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Saturday, 21 October, 2000, 03:08 GMT 04:08 UK
Jimmy Carter splits with Baptists
Jimmy carter
Jimmy Carter was honoured at the White House last year
Former US President Jimmy Carter, who was a Sunday school teacher at the age of 18, has cut his ties with the Baptist church over its attitude to women.

In a letter to the Southern Baptist Convention he said his move reflected how unhappy Baptists were with the ""increasingly rigid creed" of the church.

In particular, a move earlier this year to ban women from becoming pastors has upset more liberal members of the church.

"My grandfather, my father and I have always been Southern Baptists, and for 21 years since the first political division took place in the Southern Baptist Convention, I have maintained that relationship.


I personally feel that women should play an absolutely equal role in service of Christ

Former President, Jimmy Carter

"I feel I can no longer in good conscience do that," Mr Carter told the Atlanta Journal-Constitution newspaper.

Southern Baptists are the United States' largest Protestant denomination, claiming 15.9m members.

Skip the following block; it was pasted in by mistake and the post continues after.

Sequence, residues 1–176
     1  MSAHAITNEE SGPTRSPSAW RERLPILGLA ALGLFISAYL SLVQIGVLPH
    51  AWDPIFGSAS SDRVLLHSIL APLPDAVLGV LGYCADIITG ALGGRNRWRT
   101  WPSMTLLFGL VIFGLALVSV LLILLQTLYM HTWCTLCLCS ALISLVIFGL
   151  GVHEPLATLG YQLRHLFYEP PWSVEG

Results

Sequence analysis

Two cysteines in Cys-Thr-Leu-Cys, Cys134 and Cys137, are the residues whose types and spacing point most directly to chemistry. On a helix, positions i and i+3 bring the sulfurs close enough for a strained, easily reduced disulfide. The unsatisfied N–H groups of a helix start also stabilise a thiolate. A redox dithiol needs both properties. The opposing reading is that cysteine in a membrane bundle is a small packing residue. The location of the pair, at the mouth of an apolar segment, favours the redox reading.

'Submit graciously'

Some Baptists left the church two years ago when the Southern Baptists declared that wives should "submit graciously" to their husbands.

"I'm familiar with the verses they have quoted about wives being subjugated to their husbands," the former president said.

Jimmy Carter at the Democratic Convention
He still takes an active role in politics
" I personally feel that women should play an absolutely equal role in service of Christ in the church."

The former Georgia governor, whose his evangelical Christianity attracted attention in his 1976 presidential campaign, said he will continue to teach and to serve as a deacon at his Baptist church in his hometown of Plains, Georgia.

Mr Carter's letter was sent to 75,000 Baptists nationwide by a group of moderate Texas Baptists.

The group's executive director, David Currie, said that Carter's move reflected an unease among many Baptists with what he called "fundamentalism" among SBC leaders.

"They're trying to make everyone interpret the Scriptures their way," he said.

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10 Jun 98 | Americas
A Baptist woman's place ...
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